Recently we, Pangea Consultants, have been inundated with requests from companies using Dynamics 365 that are considering migrating from their existing Tech consulting firm and working with Pangea Consultants. Transitions from one consulting firm to another are not something to be taken lightly. They involve time, energy, and frustrations, both from the client and consulting firm side, due to the learning curve required by both parties in working together. Whenever we receive these requests, we sit down (or via MS Teams) to discuss why the company would like to transition to a new firm and its transition costs.
During these conversations, there are always 2 topics that are addressed:
Dissatisfaction with the current consulting firm’s performance.
Dissatisfaction with the current consulting firm’s performance. Perceived value (read between the lines, cost).
The interesting component of both these topics is they are interrelated to a certain extent.
This is common when a company either “feels” or has hard metrics that the firm they are working with is not delivering the expected level of service or product as per agreed upon documentation and contract. I say “feels” and hard metrics because one is quantifiable, the other is not. Hard metrics include performance, delivery, support case close times, and responsiveness, to name a few. “Feel” relates to how a person perceives the service provided based on their experience and frame of reference. The problem with both is expectation. Companies and Consulting firms might have vastly different expectations in terms of service, and if this is not discussed, communicated to the stakeholders, and executed during every meeting, then at some point, there is going to be dissatisfaction. Client, Consulting firm relationships are like a marriage. There will be ups and downs, but the end goal is to keep a healthy relationship going.
When this occurs, and a prospect calls us, we work with them to identify if the issue truly is the consulting firm, and sometimes it is, or the client company has a set of expectations that are not in line with their consulting firm. Many times, when they are not in line, it is due to perceived value.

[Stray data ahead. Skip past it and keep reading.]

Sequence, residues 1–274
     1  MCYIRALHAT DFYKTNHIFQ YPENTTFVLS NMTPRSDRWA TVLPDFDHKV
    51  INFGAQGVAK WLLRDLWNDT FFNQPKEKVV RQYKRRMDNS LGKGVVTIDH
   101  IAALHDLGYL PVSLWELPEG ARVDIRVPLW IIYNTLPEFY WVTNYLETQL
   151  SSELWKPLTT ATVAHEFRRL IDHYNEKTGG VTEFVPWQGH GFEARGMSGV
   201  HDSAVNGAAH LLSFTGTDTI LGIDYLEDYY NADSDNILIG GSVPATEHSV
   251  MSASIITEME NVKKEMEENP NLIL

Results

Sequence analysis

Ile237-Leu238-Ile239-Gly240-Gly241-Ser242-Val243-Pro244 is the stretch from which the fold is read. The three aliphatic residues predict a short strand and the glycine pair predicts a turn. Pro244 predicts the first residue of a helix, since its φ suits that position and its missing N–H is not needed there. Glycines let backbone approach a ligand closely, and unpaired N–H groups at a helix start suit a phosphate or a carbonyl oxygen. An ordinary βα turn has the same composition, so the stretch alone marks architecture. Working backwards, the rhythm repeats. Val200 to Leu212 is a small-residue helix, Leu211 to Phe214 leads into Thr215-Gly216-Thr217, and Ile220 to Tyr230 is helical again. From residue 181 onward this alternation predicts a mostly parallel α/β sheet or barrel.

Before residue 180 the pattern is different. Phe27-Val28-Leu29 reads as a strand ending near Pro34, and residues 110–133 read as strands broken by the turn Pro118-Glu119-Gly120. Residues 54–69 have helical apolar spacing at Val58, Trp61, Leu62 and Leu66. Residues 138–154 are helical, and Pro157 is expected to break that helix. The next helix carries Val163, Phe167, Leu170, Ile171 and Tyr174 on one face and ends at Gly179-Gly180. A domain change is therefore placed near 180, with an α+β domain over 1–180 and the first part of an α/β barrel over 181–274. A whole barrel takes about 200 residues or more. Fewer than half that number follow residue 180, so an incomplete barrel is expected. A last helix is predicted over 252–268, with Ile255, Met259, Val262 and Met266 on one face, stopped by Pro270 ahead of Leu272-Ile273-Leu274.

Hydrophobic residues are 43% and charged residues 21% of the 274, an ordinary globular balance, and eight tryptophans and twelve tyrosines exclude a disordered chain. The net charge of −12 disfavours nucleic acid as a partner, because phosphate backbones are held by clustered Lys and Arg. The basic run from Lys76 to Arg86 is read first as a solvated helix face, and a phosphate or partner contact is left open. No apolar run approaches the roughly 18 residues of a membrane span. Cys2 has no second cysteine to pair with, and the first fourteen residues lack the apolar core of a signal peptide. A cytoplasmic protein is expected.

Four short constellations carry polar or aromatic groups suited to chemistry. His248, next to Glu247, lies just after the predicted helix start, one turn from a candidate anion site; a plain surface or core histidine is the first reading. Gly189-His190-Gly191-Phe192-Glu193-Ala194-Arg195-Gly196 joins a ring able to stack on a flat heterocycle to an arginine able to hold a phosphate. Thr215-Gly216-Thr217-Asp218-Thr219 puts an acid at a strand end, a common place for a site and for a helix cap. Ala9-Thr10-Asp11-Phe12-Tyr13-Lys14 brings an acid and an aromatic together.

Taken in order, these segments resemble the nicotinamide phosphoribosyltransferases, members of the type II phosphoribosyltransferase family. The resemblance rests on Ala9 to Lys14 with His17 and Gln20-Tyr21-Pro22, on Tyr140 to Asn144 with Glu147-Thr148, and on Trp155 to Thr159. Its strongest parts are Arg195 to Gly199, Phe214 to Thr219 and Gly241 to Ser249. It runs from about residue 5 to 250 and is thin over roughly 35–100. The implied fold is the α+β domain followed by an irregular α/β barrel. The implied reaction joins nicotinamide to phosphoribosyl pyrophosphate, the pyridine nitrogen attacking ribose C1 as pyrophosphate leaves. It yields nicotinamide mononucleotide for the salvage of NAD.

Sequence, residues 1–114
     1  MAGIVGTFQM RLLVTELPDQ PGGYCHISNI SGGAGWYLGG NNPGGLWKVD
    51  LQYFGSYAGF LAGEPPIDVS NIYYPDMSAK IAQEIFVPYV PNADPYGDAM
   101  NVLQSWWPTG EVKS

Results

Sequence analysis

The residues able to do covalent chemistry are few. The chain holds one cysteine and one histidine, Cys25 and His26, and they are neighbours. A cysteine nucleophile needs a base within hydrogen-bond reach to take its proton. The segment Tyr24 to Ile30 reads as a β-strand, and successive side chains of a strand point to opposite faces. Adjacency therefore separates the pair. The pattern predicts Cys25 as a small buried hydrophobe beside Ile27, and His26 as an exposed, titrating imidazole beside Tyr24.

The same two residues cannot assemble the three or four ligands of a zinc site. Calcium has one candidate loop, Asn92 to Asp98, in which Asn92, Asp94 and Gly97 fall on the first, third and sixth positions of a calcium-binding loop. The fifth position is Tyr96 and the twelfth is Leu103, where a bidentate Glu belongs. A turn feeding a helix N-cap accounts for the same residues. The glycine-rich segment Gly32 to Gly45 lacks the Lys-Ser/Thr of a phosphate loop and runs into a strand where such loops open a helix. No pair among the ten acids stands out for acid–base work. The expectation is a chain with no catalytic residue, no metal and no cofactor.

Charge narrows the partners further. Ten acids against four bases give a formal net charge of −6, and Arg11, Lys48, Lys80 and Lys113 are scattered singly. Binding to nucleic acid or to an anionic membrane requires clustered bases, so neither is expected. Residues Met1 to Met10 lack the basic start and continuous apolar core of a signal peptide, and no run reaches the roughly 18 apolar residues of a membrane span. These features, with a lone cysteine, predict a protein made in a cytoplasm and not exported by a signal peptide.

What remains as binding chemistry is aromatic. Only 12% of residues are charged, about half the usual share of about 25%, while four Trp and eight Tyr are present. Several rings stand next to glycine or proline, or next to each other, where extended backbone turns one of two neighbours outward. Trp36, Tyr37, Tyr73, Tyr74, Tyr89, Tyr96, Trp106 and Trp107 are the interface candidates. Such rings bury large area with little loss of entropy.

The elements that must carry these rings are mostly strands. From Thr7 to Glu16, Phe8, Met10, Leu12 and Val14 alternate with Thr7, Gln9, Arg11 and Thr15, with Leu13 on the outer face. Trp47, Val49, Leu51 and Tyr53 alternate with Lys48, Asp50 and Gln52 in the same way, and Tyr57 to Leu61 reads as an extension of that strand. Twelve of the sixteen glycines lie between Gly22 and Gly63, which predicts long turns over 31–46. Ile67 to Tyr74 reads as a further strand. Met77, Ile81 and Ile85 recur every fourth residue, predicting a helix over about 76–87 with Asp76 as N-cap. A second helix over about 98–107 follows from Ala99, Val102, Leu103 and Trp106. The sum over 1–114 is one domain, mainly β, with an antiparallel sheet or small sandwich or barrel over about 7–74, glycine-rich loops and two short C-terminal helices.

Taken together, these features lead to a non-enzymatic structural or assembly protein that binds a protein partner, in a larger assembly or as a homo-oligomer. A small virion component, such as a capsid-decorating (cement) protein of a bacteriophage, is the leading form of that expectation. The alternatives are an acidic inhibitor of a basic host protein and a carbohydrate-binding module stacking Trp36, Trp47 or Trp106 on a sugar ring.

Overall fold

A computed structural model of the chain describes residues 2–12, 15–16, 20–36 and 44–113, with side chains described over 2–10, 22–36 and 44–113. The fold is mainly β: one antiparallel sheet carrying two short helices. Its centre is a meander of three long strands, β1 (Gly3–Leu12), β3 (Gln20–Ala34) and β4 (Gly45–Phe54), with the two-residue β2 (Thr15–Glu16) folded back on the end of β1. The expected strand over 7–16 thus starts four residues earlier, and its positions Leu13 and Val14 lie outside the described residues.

Perceived value, in its purest distillation, is cost. This is for a good reason, if you “feel” that you are not receiving sufficient value for the services or product rendered, then you need to look for another service or product provider. Perceived value directly impacts satisfaction. We generally decline engagement if a company simply seeks to lower costs, regardless of satisfaction with the consulting firm. The reason for this is simple, if the company does not value your goods or services and is simply looking for discounts on rates and licenses, then Pangea is not the right fit as we focus on delivering an exceptional level of service, which has an associated cost.
These types of potential clients will never be truly pleased with the service provided and will constantly be looking for the lowest cost provider while consistently hammering you on price. When a company communicates that they do not feel that the value provided by their existing firm does not mesh with their expectations, then we identify why. “Is the consulting firm overbilling for goods and services?” “Does the company have an expectation of ‘free work’ when they ‘change their mind’ on a deliverable?” These are critical questions to ask prior to a transition to a new Consulting firm.
The end goal of these conversations is to ensure that both you and the potential client are aligned with regards to expectations and deliverables. As previously mentioned, the transition costs and headaches involved in this process are sometimes not well understood. Still, they exist, and no matter how much you try to mitigate them, they will definitely impact the transition and the end-user experience. It is essential that both parties analyze the impact this will have on their operations before entering into a new relationship. A successful transition will provide great, long-term benefits to both the Client and Consulting firm when all parties agree.